Like photographers, camera makers don’t want their cameras blowing up. It would then make sense to prevent poorly made batteries from being used inside a camera.
It’s also possible for malicious third-party battery makers to try to get around a camera’s thermal limitations. It’s also sometimes the case that third-party batteries are accidentally dangerous, as companies are motivated to cut corners in the constant battle to offer the cheapest solution.
Importantly, not all third-party makers participate in the dangerous race to the bottom, and certainly not at the cost of user safety.
Nikon Z8 and Batteries
However, if Nikon really is using some DRM in its Nikon Z8 camera, how long before all the company’s cameras reject third-party batteries? DRM doesn’t always work, as evidenced by a Canon ink cartridge debacle last year. Due to a chip shortage, Canon couldn’t put the proper electronics in its ink cartridges that are required for the DRM to work, so it had to advise customers about how to bypass its own DRM.
It’d be devastating, especially to photographers on a deadline, if their cameras started rejecting official batteries due to a software glitch or a faulty DRM chip.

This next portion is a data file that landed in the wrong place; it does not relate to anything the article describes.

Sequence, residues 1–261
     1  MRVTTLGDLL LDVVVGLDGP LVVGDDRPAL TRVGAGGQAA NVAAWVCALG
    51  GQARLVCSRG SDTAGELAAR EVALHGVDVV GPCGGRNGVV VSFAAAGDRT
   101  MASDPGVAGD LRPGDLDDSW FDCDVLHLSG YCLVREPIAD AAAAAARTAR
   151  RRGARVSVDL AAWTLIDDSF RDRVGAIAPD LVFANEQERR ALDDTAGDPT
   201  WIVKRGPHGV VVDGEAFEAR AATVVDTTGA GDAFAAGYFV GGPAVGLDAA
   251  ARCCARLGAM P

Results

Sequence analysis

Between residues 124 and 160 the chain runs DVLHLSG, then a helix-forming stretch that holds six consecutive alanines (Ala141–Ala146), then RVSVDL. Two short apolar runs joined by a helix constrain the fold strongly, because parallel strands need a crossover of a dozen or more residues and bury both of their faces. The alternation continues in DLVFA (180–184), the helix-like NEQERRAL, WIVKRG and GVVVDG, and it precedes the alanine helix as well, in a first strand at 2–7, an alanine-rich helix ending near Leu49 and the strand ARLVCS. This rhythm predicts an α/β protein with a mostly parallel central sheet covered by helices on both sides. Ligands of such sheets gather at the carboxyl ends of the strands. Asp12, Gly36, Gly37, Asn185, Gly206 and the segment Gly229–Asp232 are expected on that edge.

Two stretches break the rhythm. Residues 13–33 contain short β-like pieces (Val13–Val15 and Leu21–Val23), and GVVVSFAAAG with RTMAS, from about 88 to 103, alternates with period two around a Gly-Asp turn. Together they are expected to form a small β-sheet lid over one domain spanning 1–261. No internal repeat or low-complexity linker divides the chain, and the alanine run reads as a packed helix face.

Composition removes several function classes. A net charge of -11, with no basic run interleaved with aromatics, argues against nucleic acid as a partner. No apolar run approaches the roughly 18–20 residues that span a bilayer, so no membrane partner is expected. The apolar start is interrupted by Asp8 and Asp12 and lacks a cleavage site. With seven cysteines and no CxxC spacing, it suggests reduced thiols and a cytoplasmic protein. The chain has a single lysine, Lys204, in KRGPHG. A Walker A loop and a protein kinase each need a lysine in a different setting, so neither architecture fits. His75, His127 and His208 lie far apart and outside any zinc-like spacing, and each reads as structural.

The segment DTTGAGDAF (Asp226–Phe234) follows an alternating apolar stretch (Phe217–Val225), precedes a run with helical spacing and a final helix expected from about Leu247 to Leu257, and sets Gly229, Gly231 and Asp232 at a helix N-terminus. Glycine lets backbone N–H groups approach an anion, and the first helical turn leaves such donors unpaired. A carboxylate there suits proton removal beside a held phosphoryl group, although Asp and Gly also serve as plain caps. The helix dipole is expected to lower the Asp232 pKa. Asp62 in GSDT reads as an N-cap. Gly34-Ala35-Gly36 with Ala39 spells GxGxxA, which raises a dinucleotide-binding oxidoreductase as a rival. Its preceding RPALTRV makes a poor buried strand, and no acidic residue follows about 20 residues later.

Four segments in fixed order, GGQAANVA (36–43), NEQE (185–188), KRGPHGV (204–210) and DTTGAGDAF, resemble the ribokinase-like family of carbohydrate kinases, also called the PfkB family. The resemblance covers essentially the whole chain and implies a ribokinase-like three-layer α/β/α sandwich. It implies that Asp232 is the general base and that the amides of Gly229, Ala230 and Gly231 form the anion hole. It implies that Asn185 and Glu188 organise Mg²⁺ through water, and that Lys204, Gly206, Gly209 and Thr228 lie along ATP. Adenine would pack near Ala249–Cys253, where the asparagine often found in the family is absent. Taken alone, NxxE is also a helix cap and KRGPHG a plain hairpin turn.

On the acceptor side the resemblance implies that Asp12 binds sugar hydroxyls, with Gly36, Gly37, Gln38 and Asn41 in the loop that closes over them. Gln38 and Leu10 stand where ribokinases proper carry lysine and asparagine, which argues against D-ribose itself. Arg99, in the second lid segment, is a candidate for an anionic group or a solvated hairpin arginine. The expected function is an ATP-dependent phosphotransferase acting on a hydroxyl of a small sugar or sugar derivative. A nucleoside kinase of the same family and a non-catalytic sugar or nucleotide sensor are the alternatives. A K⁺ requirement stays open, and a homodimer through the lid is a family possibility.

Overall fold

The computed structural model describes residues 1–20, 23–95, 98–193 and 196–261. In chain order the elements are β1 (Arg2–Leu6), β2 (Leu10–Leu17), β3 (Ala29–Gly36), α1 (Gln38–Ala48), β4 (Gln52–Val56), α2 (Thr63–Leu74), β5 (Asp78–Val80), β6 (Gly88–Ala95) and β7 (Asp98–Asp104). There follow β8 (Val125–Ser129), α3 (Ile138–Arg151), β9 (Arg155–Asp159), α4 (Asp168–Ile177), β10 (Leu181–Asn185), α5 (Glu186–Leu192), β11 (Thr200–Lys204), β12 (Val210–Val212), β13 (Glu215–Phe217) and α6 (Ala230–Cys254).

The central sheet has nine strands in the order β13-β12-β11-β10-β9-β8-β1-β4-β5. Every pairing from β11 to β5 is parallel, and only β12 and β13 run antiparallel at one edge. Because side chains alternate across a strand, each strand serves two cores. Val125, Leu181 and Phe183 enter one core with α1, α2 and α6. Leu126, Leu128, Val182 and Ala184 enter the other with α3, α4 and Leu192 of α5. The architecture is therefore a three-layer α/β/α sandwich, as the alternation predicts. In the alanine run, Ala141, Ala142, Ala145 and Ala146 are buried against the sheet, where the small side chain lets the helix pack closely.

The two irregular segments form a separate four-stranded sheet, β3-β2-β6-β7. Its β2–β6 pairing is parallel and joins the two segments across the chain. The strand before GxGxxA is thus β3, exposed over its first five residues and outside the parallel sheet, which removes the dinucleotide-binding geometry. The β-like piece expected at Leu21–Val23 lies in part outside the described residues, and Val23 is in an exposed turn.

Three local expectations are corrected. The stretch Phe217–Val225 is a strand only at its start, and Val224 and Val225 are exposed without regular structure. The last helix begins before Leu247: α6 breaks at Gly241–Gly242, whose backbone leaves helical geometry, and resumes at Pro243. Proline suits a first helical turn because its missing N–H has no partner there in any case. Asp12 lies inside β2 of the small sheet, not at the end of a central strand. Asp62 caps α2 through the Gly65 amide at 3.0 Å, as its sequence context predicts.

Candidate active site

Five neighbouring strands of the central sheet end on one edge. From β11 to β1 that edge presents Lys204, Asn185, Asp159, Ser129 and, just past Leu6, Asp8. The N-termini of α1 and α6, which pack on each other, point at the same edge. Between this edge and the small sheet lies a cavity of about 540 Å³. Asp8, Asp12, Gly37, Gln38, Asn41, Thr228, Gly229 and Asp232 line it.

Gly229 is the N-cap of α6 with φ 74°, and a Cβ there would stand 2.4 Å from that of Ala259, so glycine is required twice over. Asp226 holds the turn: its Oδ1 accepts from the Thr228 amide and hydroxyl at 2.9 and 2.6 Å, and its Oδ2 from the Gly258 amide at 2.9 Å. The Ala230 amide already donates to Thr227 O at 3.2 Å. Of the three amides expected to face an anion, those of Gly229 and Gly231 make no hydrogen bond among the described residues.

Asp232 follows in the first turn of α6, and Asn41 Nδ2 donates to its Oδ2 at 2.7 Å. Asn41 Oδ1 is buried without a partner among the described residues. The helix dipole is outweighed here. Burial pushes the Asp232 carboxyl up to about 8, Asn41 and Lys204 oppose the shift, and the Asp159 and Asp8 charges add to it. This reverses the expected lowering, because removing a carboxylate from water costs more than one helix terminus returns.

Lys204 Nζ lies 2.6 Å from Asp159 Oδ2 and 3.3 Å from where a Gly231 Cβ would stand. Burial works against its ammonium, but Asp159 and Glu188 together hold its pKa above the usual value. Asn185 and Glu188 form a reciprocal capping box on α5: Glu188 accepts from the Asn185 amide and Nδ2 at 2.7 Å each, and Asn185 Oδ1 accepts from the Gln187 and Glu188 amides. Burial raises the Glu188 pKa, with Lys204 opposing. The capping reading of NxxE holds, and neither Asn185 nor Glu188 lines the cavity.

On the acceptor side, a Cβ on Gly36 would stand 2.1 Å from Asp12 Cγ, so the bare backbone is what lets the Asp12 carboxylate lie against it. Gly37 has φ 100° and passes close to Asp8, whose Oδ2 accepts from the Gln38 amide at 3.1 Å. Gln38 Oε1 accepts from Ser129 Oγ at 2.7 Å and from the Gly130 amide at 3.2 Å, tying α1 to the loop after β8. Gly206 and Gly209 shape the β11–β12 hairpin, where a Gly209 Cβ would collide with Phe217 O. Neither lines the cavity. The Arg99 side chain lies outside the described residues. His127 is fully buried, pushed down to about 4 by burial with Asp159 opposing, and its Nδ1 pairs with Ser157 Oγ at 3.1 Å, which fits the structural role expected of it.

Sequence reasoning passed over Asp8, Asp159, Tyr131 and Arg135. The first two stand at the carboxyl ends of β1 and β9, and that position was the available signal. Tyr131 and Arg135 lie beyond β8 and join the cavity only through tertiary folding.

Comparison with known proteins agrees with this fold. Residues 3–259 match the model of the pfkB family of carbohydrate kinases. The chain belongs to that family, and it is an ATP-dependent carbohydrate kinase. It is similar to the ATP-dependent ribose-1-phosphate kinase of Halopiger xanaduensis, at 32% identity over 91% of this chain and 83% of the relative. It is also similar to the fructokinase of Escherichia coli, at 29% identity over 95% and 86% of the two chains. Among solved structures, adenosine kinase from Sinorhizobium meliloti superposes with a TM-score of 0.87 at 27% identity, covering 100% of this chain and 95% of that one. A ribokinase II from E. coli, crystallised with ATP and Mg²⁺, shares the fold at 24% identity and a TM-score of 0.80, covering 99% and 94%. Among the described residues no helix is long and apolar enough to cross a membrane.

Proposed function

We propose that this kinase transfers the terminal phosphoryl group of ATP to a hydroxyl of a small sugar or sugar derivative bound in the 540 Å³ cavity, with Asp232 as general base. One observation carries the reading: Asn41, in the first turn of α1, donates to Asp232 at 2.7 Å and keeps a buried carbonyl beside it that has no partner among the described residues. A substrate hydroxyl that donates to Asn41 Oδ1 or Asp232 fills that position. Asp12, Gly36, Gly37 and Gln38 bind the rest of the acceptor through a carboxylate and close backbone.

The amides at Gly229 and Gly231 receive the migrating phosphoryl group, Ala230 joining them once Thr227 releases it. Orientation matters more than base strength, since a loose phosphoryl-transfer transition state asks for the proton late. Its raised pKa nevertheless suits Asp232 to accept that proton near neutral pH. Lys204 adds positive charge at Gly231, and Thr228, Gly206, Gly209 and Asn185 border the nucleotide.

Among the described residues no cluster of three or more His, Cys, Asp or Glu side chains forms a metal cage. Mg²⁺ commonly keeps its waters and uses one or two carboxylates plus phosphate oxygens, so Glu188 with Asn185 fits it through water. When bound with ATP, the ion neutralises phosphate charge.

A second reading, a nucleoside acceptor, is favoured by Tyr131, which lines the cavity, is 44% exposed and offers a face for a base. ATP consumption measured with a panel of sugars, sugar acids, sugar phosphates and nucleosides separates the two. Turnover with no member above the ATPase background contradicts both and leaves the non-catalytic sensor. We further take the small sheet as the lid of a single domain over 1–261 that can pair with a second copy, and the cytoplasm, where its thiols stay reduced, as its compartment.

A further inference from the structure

Rossman thinks it’d also be awful for customers’ bank accounts. The third-party battery situation has been relatively static for years. While companies try to sell their more expensive accessories, and occasionally cameras have had issues with specific third-party batteries for quality reasons, companies have rarely taken meaningful steps to prevent people from using whatever battery they want.
If third-party batteries are no longer viable due to DRM, what might happen to the price of first-party batteries? Basic laws of supply and demand suggest that companies would inevitably begin charging more for their batteries, and photographers may be left with little recourse against it.
A possible solution is to enable thermal monitoring and control in a camera’s battery socket, which would add cost. Another alternative is a soft DRM solution that warns customers about a third-party battery but doesn’t prevent their use. There are ways to protect customers from risky batteries without outright stopping customers from being able to use them.
That said, from a business perspective, making it easier or safer for customers to use unofficial accessories doesn’t make sense.
However, adding more credence to the idea that Nikon isn’t using DRM in the Z8 — the camera remains compatible with some very old Nikon batteries, including the now-discontinued EN-EL15A that was originally introduced in 2015.
PetaPixel reached out to Nikon for comment and will update this story when, and if, it hears back.